The Quantity and Quality of Life and the Evolution of World Inequality
Lack of income convergence for the world as a whole has led to concerns about the impact of globalization of markets on world inequality. GDP per capita is usually used to proxy for the quality of life of individuals living in different countries. However, well-being is also affected by quantity of life, as represented by longevity. This paper incorporates longevity into an overall assessment of the evolution of cross-country inequality. The absence of income convergence noticed in the growth literature is in stark contrast with the reduction in inequality after incorporating recent gains in longevity. The paper computes a full' income measure to value the life expectancy gains experienced by 49 countries between 1965 and 1995. Countries starting with lower income tended to grow more in terms of full' income than countries starting with higher income. The average growth rate of full' income is about 140% for developed countries, compared to 192% for developing countries. Additionally, we decompose changes in life expectancy into changes attributable to thirteen broad groups of causes of death. Infectious, respiratory and digestive diseases, congenital and perinatal conditions, and ill-defined' conditions are responsible for most of the mortality convergence observed between 1965 and 1995.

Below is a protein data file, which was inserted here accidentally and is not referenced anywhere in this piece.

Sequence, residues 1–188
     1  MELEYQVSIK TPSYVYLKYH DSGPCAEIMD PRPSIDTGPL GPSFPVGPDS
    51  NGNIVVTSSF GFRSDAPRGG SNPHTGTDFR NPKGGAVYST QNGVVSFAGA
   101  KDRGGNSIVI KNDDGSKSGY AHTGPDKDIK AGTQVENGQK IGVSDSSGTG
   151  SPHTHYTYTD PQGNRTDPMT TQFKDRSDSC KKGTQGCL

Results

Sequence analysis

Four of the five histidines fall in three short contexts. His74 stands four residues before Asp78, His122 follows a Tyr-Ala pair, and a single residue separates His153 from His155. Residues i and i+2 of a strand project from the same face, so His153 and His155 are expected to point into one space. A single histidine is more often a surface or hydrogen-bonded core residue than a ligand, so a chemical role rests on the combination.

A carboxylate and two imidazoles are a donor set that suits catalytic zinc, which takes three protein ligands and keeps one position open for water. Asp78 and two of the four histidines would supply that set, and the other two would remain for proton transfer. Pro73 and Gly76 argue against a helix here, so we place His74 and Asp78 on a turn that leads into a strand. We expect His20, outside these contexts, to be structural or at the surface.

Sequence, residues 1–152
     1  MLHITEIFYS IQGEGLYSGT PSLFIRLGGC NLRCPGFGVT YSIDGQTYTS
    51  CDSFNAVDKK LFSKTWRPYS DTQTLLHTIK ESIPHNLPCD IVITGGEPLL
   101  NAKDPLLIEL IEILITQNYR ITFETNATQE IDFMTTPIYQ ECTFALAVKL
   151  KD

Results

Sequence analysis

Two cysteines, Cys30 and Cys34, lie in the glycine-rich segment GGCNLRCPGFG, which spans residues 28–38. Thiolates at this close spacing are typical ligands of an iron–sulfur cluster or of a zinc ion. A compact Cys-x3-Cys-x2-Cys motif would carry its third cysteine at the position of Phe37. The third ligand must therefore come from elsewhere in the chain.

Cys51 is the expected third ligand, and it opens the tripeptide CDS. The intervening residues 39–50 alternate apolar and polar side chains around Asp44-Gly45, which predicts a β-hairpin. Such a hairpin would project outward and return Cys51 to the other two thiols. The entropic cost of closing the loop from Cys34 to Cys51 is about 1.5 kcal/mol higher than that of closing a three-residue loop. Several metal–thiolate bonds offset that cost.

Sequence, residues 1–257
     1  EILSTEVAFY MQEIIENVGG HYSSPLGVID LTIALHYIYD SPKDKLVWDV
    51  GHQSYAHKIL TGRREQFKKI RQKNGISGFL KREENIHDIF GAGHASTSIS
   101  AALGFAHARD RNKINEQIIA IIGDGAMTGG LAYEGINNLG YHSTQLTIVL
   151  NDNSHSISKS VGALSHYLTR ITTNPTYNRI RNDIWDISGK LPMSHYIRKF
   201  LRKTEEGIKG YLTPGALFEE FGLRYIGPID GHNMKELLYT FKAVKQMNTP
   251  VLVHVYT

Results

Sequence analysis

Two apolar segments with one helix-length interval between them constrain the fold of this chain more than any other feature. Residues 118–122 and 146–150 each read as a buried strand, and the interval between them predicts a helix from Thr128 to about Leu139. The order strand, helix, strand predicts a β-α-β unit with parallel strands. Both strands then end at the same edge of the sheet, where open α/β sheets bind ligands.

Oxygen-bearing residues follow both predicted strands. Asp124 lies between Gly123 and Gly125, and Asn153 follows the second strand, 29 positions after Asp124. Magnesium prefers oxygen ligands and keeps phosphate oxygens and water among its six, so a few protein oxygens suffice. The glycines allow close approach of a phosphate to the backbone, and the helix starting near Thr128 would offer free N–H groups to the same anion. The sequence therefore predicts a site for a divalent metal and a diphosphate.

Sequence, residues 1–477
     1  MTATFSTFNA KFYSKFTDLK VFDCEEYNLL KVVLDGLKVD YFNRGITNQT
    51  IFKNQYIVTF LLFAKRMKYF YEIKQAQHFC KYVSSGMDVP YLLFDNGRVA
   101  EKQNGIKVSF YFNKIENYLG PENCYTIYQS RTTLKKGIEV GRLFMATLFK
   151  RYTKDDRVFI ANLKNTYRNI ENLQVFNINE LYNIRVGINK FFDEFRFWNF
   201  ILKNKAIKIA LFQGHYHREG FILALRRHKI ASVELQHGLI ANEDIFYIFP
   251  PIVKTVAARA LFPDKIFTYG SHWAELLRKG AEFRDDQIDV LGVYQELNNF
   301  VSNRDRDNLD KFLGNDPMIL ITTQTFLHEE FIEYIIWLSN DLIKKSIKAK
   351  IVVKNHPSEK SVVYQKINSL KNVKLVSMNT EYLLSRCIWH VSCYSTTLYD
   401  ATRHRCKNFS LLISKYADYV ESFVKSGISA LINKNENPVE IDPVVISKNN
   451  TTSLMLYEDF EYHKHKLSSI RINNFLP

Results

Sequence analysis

Published: Becker, Gary S., Tomas J. Philipson and Rodrigo R. Soares. "The Quantity And Quality Of Life And The Evolution Of World Inequality," American Economic Review, 2005, v95(1,Mar), 277-291.